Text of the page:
2 Reasons I Hate Myself for Owning XRP

Reza Jafery
4 min readJan 8, 2018
Visual representation of what owning Ripple makes me feel.

It would seem that what once would have had you laughed out of many intelligent cryptocurrency conversations, is now actually feasible.

I am not a fan of Ripple. I don’t believe it’s a real cryptocurrency, and its business structure/model goes against the moral fabric of cryptocurrency itself.

However, it’s possible that XRP will surpass BTC in market cap in 2018.

I don’t think this would happen anytime soon, and I hope it doesn’t happen at all, but I think it’s possible.

There has been a huge influx of retail investors, and the new folk love them some cheap coins.

Just in case you’re not up to speed, Ripple increased from $0.25 to hit all time highs just above $3.50 in the past 30 days.


January 9th, 2018

Since the time of posting this blog, Ripple has dropped from $2.70 to $1.90

I didn’t sell.

This is what you get for buying Ripple!

February 7th, 2018

I sold.

Ripple is currently sitting at around $0.70, owning a coin I didn’t believe in brought me my largest loss of the past 12 months.

I think XRP surpassing Bitcoin would send shockwaves through the market and change the game as we know it.

Before I get into that, let me tell you why Ripple is the worst.

Disclaimer: I’m not one of those people who spreads FUD about a coin when they miss the boat on it. I currently hold $XRP, and have made a pretty % on it as well.

I just hate myself for it.

Ripple is what’s known as a token. Whereas coins like bitcoin trade on their own value, tokens tend to be tied to something else.[1]

  1. Ripple is not an actual digital currency, as the quote from Mashableabove would suggest, it’s simply a token.

Bitcoin is the actual currency being traded and used, whereas XRP tokens are essentially backed by traditional currencies, as if they’re dollars or yen in another form.[2]

Most investors don’t understand what they’re really buying when they buy XRP.

When you hear about Ripple making partnerships with Banks and large financial institutions, that doesn’t really have much to do with XRP, the Ripple currency.

That’s a win for RippleNet, the framework created by Ripple to speed up large international financial transactions. These large financial transactions aren’t going to take place in XRP, they’re going to take place using whatever currency the countries choose- so more banks using RippleNet does not mean more demand of XRP from financial institutions.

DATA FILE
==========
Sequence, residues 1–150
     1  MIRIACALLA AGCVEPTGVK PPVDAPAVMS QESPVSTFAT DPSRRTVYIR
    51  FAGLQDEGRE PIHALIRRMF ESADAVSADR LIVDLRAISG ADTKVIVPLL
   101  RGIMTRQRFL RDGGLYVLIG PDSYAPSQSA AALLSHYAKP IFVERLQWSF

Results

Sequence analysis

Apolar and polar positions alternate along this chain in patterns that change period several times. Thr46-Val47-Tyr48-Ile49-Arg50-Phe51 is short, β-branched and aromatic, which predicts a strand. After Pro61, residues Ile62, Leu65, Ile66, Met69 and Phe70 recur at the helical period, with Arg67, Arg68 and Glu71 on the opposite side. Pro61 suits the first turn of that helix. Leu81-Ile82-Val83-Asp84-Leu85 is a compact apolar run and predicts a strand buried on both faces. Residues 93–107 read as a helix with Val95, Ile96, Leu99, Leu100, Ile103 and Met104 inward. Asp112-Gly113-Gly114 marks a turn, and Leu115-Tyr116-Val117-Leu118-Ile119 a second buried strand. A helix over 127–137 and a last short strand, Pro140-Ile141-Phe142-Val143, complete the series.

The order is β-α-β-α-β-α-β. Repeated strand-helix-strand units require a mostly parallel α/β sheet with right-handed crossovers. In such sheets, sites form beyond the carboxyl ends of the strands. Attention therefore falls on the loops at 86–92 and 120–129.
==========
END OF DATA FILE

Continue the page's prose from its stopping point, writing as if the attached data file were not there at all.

When most cryptocurrencies rise in price, its due to an increase in understanding or application of their utility. When Ripple rises in price, its because the company did some solid business development, not because their token is fundamentally increasing in value by virtue of its utility.

The price of a cryptocurrency is a reflection of the amount of people who understand its utility.

2. Ripple is as centralized as can be.

Blockchain technology is a tool that will allow us to decentralize processes mediated by middle men, thereby removing those middle men and allowing peer to peer anything.

Blockchain was created to be a tool to put power back in the hands of the individual.

You do that by creating a trust-less system where a middleman (like a bank) isn’t needed — this is the beauty of the technology and at the end of the day, the reason that cryptocurrencies are seeing such a huge increase in market cap.

Unlike fiat currency where the supply is controlled by a third-party (like the Federal Reserve), blockchain and the cryptocurrencies that have come from it are a completely transparent way to handle the management and creation of financial infrastructure.

So with that in mind, does this raise any red flags?

Since Ripple controls 61% of the world’s supply of XRP coins — 61 billion out of 100 billion in total — the gains placed Larsen’s personal position in the cryptocurrency as well as his share of the XRP owned by his company at a dizzying total of $59.8 billion.

Ripple controls a staggering amount of its own supply.

There is no mining with Ripple.

With Bitcoin (and every other cryptocurrency) you increase the supply by mining. Either through Proof of Work (PoW) or Proof of Stake (PoS).

With PoW, miners download a copy of the blockchain ledger and essentially perform accounting duties to ensure that transactions aren’t fraudulent. They are paid for their work in whatever currency they’re mining, therefore increasing the supply.

With PoS, miners just have to “stake” their holdings in a wallet, and it earns interest. That interest they earn is new currency, that increases the supply.

With Ripple, they decided how much their total supply would be and issued it, there is no mining, there is no trust-less system, there is no utility.

Ripple is basically what would happen if a blockchain company said to itself, “What if we just made a fiat currency that functions exactly the same as USD. Except we turn ourselves into the Federal Reserve for that currency so we control everything?”.

Hell, Ripple didn’t start to climb until the company announced they’d be locking 55 BN XRP in escrow so they could ensure the token holders that they wouldn’t dump all their tokens as soon as the price got up.



Reza Jafery

Ops @ PubDAO / Community @ Reflexer / Product @ Decrypt. Trying to change the rules and create a positive sum game.